Is this correct? I think it largely is, but the question is a bit more complicated than seems to be the case at first blush. First, there is no doubt that adoption of these constraints will have genuine political impact, making it considerably more costly for this or a future Administration to act in violation of them notwithstanding the existence of the parallel (and comparatively unconstrained) Article II and 2001 AUMF tracks. Second, some may argue that these constraints really should be read to apply to the 2001 AUMF (if not Article II as well) insofar as ISIL is concerned, by implication (i.e., despite the lack of explicit language to that effect). That may or may not be a plausible reading of the draft AUMF, but the argument likely would be made sooner or later, thus adding at least a bit to the teeth of the constraints. Finally, the constraints certainly would have full effect insofar as there are any situations covered by the draft AUMF but not by the 2001 AUMF or Article II—and as noted below in the discussion of “associated forces,” there is some reason to think that the draft AUMF does break new ground to a limited extent.

What if anything should Congress do in light of all this? Professor Marty Lederman has suggested adding in the language from Section 6 of the 2014 AUMF draft from the Senate Foreign Relations Committee, which stated that

“The provisions of this joint resolution pertaining to the authorization for use of force against the Islamic State of Iraq and the Levant shall supersede any preceding authorization for use of military force.”[9]

I would clarify that a bit in order to avoid a reading suggesting that the new AUMF entirely replaces the 2001 AUMF in all respects, thereby potentially leaving al Qaeda entities uncovered unintentionally. The following language would accomplish this:

“The provisions of this joint resolution shall supersede the terms of any preceding authorization for use of military force in relation to the Islamic State of Iraq and the Levant and its associated forces.”

Would the White House accept this shift? Apparently so. On February 23rd, the media reported that the White House is aware of this issue and willing to address it through changes to the draft AUMF. As an initial matter, White House officials apparently explained, the President would “no longer rely on the authority approved in 2001” in order to justify operations against ISIL if a new ISIL-specific AUMF is passed. More significantly, a White House official expressly invited Congress to “make that clear within the statute by adding that limitation to the authorization.”[10] Why the White House did not do this in its own draft to begin with is not clear; perhaps it was not possible to generate sufficient internal consensus on the point, and the hope (or expectation) was the Congress in any event would take the lead in breaking with the 2001 AUMF as the basis for anti-ISIL operations. At any rate, it appears the Administration would support such a shift.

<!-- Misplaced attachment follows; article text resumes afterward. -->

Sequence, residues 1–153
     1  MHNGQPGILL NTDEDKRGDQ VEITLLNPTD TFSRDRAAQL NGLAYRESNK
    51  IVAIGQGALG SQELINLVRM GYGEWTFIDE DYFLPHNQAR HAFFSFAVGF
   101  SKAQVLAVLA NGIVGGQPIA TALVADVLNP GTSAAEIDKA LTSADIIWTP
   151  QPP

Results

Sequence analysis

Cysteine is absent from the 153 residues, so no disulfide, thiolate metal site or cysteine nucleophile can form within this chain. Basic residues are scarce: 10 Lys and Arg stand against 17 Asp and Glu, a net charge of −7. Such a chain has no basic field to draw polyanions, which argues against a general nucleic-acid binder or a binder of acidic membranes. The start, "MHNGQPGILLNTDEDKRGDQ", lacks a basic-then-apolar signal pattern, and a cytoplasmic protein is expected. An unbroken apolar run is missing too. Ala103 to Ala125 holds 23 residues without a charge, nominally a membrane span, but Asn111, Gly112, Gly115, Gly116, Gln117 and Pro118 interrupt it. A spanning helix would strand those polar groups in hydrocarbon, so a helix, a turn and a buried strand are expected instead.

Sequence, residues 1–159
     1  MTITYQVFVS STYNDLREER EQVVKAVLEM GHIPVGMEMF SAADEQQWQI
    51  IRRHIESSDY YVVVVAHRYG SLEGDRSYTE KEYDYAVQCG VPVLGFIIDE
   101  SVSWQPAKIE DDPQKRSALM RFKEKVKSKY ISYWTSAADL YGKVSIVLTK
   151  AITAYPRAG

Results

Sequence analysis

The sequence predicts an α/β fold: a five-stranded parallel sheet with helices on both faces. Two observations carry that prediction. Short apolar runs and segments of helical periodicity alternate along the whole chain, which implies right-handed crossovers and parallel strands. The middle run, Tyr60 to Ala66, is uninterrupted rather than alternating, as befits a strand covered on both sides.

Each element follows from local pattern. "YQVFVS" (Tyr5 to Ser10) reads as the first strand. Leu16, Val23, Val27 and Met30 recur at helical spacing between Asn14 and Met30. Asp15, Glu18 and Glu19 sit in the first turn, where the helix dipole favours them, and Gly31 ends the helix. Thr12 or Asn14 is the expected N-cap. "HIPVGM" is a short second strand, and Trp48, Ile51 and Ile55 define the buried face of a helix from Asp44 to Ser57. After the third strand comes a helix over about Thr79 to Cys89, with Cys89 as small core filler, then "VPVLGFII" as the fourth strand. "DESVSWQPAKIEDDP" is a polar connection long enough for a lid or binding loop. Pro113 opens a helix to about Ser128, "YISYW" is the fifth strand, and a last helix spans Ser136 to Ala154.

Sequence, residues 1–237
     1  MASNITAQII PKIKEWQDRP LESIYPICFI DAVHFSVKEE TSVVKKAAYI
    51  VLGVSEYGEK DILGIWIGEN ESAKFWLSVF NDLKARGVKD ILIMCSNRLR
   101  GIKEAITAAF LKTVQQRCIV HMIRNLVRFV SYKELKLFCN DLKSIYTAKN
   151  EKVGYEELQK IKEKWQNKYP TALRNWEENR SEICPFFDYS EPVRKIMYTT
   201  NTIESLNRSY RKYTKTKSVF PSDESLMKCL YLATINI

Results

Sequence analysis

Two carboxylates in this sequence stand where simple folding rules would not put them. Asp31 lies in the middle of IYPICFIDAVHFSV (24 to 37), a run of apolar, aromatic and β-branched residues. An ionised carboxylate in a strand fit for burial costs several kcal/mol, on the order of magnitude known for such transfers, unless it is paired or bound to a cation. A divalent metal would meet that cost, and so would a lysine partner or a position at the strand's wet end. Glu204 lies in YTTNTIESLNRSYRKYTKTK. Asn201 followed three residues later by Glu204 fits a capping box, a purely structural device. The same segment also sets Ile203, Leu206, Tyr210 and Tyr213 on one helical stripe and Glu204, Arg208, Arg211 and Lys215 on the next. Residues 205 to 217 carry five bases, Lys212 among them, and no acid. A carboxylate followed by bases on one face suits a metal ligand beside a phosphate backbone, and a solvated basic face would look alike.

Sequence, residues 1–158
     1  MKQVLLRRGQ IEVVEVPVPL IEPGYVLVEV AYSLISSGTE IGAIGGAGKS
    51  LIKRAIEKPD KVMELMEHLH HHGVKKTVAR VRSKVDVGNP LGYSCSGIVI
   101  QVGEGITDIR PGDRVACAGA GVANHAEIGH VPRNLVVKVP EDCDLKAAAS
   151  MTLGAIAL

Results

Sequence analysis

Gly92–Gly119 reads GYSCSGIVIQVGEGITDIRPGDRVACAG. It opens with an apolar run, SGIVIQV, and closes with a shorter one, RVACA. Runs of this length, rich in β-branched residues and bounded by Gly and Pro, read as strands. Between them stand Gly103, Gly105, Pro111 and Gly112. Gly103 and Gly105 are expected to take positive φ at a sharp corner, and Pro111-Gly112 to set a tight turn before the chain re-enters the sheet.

All that said: adding this language would suffice to address the overlap with authorities under the 2001 AUMF, but it would not speak to the parallel claims of authority that the Administration has made under Article II itself. The draft AUMF in theory could be amended to clarify not only that it is the sole statutory authority for using force against ISIL, but also the sole authority of any kind, to the exclusion of Article II authority. In my view, however, such an attempted preclusion of Article II authority would likely be unconstitutional. The actual answer of course would depend on the scope of the particular claim of Article II authority at issue.

 The Contested Provisions of the Draft AUMF

I turn now to a review of various elements of the Administration’s draft AUMF that have attracted criticism.

The Lack of a Stated Purpose 

When Congress authorized force in the aftermath of the 9/11 attacks, it specified a particular objective and it did so in the operative provision of the joint resolution:

“(a) In General.--That the President is authorized to use all necessary and appropriate force against those nations, organizations, or persons he determines planned, authorized, committed, or aided the terrorist attacks that occurred on September 11, 2001, or harbored such organizations or persons, in order to prevent any future acts of international terrorism against the United States by such nations, organizations or persons.” (emphasis added)

That purposive language was no afterthought, but rather was the product of considerable discussion between the White House and Congressional leaders.

The Administration’s draft AUMF for ISIL is curiously different in that respect, both because it lacks any purposive language[11] and because, so far as the public record indicates, here has not yet been meaningful dialogue between the White House and Congress regarding what such language might say.[12] The key operative provision authorizing force in the draft AUMF—section 2(a)—provides:

“(a) AUTHORIZATION.—The President is authorized, subject to the limitations in subsection (c), to use the Armed Forces of the United States as the President determines to be necessary and appropriate against ISIL or associated persons or forces as defined in section 5.”

The task of defining the purpose of the U.S. military intervention against ISIL is a matter for policymakers, not lawyers, to decide. That said, I note that the President in his transmittal letter conveying the draft AUMF to Congress offered a statement of purpose of sorts:

“I am submitting a draft AUMF that would authorize the continued use of military force to degrade and defeat ISIL.”[13]